Despite all the depressing statistics out there about Millennials struggling with college loans and unemployment, the younger generation overall seems to be doing not all that bad when it comes to their personal finances. Back in February a UBS study claimed that Millennials were as fiscally conservative as their grandparents’ generation. Now a new study from the financial giant TIAA-CREF claims that Generation Y is shaping up to be the “powerhouse of the global economy.”
Here are five of the biggest, and most promising findings from the TIAA-CREF study, “College-Educated Millennials: An Overview of Their Personal Finances.”
- College-educated Millennials are making higher salaries than the general population. Over 60 percent of Millennials report making more than $50,000 a year, compared to 50 percent nationally.
- Millennials are more likely to own stocks and bonds. Nearly tw0-fifths of Millennials have investments in stocks, bonds and mutual funds which is more than the roughly 37 percent of Americans overall who have these investments.
- Most college-educated Millennials have a retirement plan. Over 69 percent of Generation Y has either a work-subsidized or stand alone retirement savings plan.
- A vast majority of Millennials are in debt. A whopping 81 percent of Generation Y has at least one long term debt, and 44 percent have more than one major debt they are working to pay off.
- Less than half of Generation Y has sufficient funds in their savings account. Conventional wisdom dictates that everyone should have at least three-months worth of salary set aside incase of unexpected events. Only 48 percent of Millennials have these savings.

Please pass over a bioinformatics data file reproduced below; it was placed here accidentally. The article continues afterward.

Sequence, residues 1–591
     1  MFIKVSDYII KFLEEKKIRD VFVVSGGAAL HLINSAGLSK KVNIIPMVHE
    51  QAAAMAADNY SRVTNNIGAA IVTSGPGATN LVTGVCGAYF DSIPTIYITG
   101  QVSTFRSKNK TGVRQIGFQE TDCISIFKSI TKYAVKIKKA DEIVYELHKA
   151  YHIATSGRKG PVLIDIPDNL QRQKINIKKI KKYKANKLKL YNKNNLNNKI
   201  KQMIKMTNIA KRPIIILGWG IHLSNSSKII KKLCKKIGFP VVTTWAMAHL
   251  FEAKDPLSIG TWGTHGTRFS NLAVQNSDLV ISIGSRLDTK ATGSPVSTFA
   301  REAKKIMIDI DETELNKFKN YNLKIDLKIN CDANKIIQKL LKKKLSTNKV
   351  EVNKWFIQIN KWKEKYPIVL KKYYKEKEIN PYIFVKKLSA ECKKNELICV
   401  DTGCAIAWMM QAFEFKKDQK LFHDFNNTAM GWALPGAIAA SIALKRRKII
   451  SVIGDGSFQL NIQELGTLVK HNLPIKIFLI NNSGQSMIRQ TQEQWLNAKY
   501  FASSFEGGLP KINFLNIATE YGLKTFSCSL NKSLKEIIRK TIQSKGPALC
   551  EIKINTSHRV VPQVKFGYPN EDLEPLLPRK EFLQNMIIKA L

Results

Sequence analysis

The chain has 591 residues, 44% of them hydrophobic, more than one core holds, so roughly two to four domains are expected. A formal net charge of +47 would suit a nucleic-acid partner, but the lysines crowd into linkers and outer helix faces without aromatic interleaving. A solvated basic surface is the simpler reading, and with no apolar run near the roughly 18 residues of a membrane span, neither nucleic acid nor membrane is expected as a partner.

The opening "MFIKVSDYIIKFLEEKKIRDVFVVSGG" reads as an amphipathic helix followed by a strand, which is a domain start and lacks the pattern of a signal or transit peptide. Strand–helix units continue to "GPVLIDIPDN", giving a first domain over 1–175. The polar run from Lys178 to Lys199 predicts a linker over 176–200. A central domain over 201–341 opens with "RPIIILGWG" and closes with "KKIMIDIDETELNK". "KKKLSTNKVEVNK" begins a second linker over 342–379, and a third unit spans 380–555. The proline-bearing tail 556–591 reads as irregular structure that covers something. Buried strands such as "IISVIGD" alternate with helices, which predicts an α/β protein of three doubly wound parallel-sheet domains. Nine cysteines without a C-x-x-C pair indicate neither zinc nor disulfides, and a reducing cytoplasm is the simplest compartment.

Obviously there are some good and bad conclusions from this study. On the positive side, it would appear that Millennials are making more money, and are doing better at investing their money for the future. On the other hand, Millennials carry far more debt, and presumably as a result seem to be unable to save for the short term.
Conducted by Carlo de Bassa Scheresberg, Annamaria Lusardi, and Paul J. Yakoboski, TIAA-CREF’s report claims that “Millennials’ personal finances are more relevant for the state of the economy than those of any preceding generation,” based on their size, and the expectation that they will make up a majority of the workforce by 2020.
Overall the study also concluded that despite experiencing relatively stable financial situations for being so early in life, Millennials don’t have the necessary knowledge of finances to grow their assets appropriately. “Policies aimed at improving financial literacy could help Gen Y minimize the costs incurred in managing debt, improve personal financial safety nets, and fortify both short term and long term financial stability and security,” the study’s authors conclude. “The gap between the financial responsibilities of Gen Y and their ability to manage financial decisions and take advantage of financial opportunities has both individual and societal implications if it remains unaddressed.”
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